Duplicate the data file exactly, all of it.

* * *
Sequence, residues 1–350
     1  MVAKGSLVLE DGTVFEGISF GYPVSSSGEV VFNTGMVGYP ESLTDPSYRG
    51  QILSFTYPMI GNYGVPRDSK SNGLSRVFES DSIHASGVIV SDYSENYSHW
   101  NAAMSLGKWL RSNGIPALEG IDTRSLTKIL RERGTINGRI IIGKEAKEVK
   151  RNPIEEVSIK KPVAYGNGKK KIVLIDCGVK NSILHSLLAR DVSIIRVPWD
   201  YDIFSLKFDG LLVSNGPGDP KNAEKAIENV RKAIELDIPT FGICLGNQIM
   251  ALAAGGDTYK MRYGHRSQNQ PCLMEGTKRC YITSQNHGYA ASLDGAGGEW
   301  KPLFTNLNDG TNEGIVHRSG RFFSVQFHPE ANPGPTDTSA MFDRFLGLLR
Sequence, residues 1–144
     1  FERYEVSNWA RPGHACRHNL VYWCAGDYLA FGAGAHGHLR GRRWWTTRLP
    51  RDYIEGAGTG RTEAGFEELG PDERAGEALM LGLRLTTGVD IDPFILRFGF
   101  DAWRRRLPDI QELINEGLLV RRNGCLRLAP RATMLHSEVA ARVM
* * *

Sequence, residues 1–350
     1  MVAKGSLVLE DGTVFEGISF GYPVSSSGEV VFNTGMVGYP ESLTDPSYRG
    51  QILSFTYPMI GNYGVPRDSK SNGLSRVFES DSIHASGVIV SDYSENYSHW
   101  NAAMSLGKWL RSNGIPALEG IDTRSLTKIL RERGTINGRI IIGKEAKEVK
   151  RNPIEEVSIK KPVAYGNGKK KIVLIDCGVK NSILHSLLAR DVSIIRVPWD
   201  YDIFSLKFDG LLVSNGPGDP KNAEKAIENV RKAIELDIPT FGICLGNQIM
   251  ALAAGGDTYK MRYGHRSQNQ PCLMEGTKRC YITSQNHGYA ASLDGAGGEW
   301  KPLFTNLNDG TNEGIVHRSG RFFSVQFHPE ANPGPTDTSA MFDRFLGLLR
Sequence, residues 1–144
     1  FERYEVSNWA RPGHACRHNL VYWCAGDYLA FGAGAHGHLR GRRWWTTRLP
    51  RDYIEGAGTG RTEAGFEELG PDERAGEALM LGLRLTTGVD IDPFILRFGF
   101  DAWRRRLPDI QELINEGLLV RRNGCLRLAP RATMLHSEVA ARVM